Published: 05/23/18
Updated: 05/25/18

Friday's letters: Thanks to jurors for fulfilling civic duty

May is Juror Appreciation Month Thanks, jurors, for your service Trial by a jury of one’s peers is among the bedrock guarantees that make our representative democracy exceptional. Without it, the courtroom fates of defendants and civil litiga...
Published: 05/23/18
Updated: 05/25/18

Thursday’s letters: Heated chemotherapy won’t treat most ovarian cancers

Heated chemotherapy has promising results | May 16Cancer treatment not a cure-all While we were pleased to see the story about ovarian cancer treatment, we are concerned that the article could mislead many patients. The treatment described has be...
Published: 05/22/18
Updated: 05/24/18

Wednesday’s letters: A princess gives us a lesson to live by

Royal treatment | May 21Princess offers advice for us allThe radiant and joyful Princess Anna Noela Lokolo of the Democratic Republic of Congo, recent Eckerd College graduate, has given us a huge gift in her parting words. "If people have a negat...
Published: 05/21/18
Updated: 05/23/18

Hernando Letters to the Editor for May 25

Re: Central High School bomb threat suspect to be tried as adult | May 4Angry mob rhetoric not helpfulWe have observed the public discourse surrounding the case of Mizella Robinson with increasing unease. A sampling of the more common sentiment...
Published: 05/21/18
Updated: 05/22/18

Pasco Letters to the Editor for May 25

Re: Proposed TECO Solar Plant Opposed to the TECO solar plantAs a 21-year resident and property owner, I am writing in opposition to the proposed Tampa Electric Company solar plant in rural northeast Pasco County.The solar plant will be .2 miles from...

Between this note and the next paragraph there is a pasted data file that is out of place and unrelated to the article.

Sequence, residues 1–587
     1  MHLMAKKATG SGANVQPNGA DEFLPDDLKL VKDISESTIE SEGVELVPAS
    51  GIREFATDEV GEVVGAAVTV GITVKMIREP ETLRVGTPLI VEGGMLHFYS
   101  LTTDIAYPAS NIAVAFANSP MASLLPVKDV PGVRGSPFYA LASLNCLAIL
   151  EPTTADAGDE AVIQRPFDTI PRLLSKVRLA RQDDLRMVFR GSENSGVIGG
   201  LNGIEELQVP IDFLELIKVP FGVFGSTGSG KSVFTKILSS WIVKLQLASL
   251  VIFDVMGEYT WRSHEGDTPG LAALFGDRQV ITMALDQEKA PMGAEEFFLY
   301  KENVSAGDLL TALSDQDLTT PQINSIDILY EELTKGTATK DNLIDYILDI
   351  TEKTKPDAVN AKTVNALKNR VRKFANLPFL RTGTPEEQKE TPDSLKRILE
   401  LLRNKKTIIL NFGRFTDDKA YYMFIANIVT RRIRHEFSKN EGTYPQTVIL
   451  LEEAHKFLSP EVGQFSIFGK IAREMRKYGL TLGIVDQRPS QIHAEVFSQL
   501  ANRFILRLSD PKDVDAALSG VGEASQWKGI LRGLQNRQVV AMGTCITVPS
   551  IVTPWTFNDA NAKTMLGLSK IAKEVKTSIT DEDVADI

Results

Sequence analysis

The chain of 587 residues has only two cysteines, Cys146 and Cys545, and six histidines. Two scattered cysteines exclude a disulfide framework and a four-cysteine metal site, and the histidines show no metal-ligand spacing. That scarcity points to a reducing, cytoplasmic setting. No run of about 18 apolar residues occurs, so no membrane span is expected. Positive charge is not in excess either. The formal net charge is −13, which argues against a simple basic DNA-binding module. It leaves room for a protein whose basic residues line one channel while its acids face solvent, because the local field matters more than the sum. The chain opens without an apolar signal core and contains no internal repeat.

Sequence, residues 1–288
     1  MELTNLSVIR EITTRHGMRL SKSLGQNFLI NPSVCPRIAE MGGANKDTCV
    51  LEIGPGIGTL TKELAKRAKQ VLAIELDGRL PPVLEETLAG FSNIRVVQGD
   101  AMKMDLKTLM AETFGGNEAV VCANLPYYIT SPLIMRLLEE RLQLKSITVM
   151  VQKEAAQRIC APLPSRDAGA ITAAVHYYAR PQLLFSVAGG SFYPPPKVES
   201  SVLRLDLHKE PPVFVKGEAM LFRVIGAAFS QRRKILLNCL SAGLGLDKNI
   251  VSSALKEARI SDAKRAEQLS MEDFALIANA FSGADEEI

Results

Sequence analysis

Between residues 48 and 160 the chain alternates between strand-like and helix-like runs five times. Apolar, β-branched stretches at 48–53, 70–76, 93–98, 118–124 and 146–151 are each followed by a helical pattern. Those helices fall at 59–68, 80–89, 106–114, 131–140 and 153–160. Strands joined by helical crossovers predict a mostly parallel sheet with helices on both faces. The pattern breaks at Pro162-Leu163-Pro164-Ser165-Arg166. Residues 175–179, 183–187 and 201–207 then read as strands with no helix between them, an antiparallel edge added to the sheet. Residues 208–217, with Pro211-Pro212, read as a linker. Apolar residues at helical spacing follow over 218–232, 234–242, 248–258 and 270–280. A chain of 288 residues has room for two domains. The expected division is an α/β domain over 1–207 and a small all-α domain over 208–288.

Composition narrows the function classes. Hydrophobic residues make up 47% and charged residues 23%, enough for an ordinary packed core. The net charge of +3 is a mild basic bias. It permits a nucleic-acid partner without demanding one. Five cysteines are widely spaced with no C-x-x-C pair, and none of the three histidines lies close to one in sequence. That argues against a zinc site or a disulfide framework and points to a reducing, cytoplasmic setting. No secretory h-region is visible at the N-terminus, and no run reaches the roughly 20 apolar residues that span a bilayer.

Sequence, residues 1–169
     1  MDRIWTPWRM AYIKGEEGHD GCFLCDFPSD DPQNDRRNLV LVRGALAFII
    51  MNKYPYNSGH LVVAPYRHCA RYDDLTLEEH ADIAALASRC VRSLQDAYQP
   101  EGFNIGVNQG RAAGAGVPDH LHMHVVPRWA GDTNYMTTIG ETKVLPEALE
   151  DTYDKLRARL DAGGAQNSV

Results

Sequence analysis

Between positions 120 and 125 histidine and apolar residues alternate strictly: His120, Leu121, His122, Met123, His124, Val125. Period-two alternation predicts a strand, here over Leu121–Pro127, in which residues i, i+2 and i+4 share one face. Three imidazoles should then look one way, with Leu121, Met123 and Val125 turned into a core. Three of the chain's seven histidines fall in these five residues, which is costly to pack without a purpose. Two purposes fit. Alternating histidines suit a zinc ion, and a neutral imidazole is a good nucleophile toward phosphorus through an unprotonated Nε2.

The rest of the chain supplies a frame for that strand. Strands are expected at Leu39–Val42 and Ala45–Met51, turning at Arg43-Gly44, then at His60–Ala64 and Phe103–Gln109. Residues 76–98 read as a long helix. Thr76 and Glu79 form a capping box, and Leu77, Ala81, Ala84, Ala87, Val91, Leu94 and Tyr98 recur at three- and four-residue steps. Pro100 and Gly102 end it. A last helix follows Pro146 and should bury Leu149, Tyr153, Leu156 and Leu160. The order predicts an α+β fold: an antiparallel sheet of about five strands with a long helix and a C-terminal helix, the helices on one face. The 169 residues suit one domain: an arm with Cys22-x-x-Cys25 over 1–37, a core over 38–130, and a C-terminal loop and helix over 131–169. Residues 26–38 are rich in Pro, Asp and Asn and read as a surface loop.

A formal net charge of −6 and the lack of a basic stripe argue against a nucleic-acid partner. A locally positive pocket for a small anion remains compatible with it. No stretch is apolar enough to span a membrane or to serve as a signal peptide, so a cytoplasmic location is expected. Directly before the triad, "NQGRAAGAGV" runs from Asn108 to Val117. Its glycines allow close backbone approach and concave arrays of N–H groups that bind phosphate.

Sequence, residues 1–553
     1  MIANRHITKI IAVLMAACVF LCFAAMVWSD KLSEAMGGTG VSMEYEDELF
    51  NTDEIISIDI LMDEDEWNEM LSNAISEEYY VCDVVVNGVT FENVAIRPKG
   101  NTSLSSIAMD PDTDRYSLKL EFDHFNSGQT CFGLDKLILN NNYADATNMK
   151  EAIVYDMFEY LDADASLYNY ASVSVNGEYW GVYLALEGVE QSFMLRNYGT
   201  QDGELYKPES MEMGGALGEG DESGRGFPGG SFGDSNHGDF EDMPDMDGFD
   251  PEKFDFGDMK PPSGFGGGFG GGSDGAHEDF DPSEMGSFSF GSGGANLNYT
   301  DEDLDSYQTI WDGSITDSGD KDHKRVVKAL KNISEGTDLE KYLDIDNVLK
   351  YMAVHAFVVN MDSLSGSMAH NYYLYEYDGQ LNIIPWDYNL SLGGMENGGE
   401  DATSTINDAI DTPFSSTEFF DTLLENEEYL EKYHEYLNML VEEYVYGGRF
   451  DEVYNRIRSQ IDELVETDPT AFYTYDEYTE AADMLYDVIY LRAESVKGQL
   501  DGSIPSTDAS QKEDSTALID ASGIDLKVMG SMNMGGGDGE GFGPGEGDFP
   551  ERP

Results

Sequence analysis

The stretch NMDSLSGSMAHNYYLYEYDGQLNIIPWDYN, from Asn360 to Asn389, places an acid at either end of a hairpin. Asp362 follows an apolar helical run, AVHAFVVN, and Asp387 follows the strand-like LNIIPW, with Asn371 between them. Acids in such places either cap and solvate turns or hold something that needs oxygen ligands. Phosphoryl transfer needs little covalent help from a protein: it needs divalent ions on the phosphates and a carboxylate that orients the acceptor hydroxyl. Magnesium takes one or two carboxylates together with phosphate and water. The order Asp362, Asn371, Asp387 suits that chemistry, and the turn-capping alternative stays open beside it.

Published: 05/21/18
Updated: 05/22/18

Tuesday’s letters: If you don’t like the Electoral College, then amend the Constitution

The popular vote | May 20, letterIf you don’t like it, amend ConstitutionA recent letter supports the idea that a state should be able to change its Electoral College vote to match that of the national popular vote winner as opposed to the result...
Published: 05/21/18
Updated: 05/22/18

Monday’s letters: Focusing on the mental state of shooters misses the point

Texas high school shooting | May 18Criminals, angry people kill peopleSchool shootings are a distinctly American phenomenon. But shootings by people with serious mental illness represent less than 1 percent of all yearly gun-related homicides in ...
Published: 05/19/18
Updated: 05/21/18